Just Brow-sing

Just Brow-sing

Do you lift them to Jesus and then soap them in place?  Do you draw on with pencil what you lost to the early 2000s?  Or did you get them tattooed on so you never have to do them again?

Brows are an area that I refuse to bow to trends with, unless they specifically work for me and my particular aesthetic.
So, laminated brows?  No.  Snatched Fox Eye lifted at the outer end slightly vintage brows?  Hell yes.

There are so many ways to brow - Pens to draw individual hairs. Powders to outline with and then lightly shade inside. Pomades to create you a solid brow. Gels for definition and hold - It’s definitely a matter of figuring out the look you like and going from there. 
Apparently the incoming brow trend is bleached brows....Oooooh boy I will most definitely not be jumping on that bandwagon.


Things that I’ve discovered make life a lot easier:

 A very narrow sharp angled brush. Colourpop makes an excellent one with a spoolie on the other end. She’s so sharp she could cut a b*tch. This sort of brush works well with both powders and a pomade. 
If you’re using a brow pomade you want it to be just the right amount of soft.  A trick I use to give me more workability with a pomade is to clean my brush with micellar water on a cotton pad first, and then use the wet brush in the pomade.  This also means you’re using a clean brush each day, because a brush with old product build up will not give you a precise line.
Some brow pencils are way too soft and less precise - Maybelline Eye Studio Brow Pencil I’m looking at you. I definitely prefer using a powder or pomade with a brush for a sharper line.


Getting the right shape

Follow your natural shape, and generally when I’m working with clients I try to get a straight-ish line from the start of the brow to the angle where it starts to go down, rather than a tadpole shape. This can be hard if you’ve over plucked and you just have to do the best with what you’ve got.  Always make the angle of the brow the darkest part, and the start of the brow should be the lightest part. It doesn’t have to be a perfect ombre, you just don’t want to make the start of your eyebrow a defined block.  Drawing individual hairs with a brow pen will make a softer start to the brow.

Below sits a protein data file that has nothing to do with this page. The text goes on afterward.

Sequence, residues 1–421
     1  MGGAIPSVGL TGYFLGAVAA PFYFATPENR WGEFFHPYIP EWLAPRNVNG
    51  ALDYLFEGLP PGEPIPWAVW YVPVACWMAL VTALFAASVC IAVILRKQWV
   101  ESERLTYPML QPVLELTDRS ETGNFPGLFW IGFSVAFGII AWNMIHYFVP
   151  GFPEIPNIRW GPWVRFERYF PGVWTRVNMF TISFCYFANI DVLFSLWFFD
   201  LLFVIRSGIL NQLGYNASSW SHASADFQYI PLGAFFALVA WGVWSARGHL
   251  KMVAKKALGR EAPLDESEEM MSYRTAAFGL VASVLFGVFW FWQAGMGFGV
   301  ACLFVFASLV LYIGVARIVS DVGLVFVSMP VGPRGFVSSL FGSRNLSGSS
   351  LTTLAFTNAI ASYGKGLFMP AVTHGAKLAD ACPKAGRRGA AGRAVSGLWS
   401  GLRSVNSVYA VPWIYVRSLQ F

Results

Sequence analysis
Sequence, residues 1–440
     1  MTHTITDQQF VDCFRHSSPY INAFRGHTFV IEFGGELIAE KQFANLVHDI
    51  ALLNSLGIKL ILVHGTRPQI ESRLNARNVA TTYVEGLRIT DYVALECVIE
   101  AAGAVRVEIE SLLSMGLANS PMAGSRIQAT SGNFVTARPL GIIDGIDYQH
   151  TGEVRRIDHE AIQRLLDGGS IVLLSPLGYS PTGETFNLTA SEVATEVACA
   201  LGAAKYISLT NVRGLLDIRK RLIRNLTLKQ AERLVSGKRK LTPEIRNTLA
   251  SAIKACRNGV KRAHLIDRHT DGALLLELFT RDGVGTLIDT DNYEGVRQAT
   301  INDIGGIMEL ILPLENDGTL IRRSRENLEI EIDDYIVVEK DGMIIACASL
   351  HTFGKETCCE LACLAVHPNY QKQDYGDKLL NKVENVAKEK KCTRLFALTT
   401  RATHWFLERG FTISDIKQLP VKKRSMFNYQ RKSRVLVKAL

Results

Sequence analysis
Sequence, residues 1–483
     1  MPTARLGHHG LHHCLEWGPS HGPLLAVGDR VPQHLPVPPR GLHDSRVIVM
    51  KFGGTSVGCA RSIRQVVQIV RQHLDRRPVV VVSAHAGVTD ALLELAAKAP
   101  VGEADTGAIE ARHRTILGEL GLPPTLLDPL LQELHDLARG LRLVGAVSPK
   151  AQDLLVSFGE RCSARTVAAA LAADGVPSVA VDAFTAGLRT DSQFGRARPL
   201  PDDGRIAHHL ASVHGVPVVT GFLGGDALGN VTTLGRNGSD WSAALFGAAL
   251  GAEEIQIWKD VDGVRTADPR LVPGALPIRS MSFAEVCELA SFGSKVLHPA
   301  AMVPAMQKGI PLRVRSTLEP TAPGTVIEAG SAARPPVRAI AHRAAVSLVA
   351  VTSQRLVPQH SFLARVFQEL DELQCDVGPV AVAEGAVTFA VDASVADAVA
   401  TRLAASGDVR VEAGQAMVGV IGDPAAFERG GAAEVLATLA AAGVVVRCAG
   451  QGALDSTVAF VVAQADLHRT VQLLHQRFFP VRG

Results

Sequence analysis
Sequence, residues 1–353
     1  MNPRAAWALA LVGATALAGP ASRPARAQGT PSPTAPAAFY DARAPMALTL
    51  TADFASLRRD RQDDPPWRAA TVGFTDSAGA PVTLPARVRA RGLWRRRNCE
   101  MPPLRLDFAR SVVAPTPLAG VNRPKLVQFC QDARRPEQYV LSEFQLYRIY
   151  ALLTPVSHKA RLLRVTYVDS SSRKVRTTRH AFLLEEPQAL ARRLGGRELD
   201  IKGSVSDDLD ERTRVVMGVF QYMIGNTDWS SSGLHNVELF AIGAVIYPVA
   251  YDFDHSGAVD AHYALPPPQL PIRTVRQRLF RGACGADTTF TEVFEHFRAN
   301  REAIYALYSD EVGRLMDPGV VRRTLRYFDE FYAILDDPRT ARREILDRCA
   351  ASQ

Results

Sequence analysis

If you’re going for the snatched Fox Eye brow, you want it to go kind of straight out if not a little lifted from the angle of your brow, rather than curving down. This might work for you by brushing your brows up at the outer end, but it won’t work for everyone and if you really love the look you may have to use foundation over your eyebrows and use your brow product to draw a new shape.  This is getting to more advanced territory!

What should I use?

 Anastasia Beverly Hills is considered the OG of brow products but I’ll admit I’m still to try any of those. I particularly like the Suavecita Brow Pomade (which the Beauty School Dropouts do stock but only have limited product left as they no longer supply wholesale to New Zealand) though the lightest colour is a little dark for me, so for this reason I tend to keep it for photo shoots where I want a darker brow.

Makeup Revolution make a brow pomade that I do like but it’s not as soft as Suavecita. I’ve got some Billion Dollar Brows powder that I have used on clients and it’s good enough but I can’t see much of a difference between that and cheaper brow powders like Essence. The sharp brush that’s damp from micellar water is excellent to use with powder as well.
If you’ve got vivid coloured hair, and you want your brows to match, take a leaf out of Fran’s book and use eyeshadows or matte liquid lipstick in corresponding colours as brow powder or pomade.

Stay cool 'till after school,


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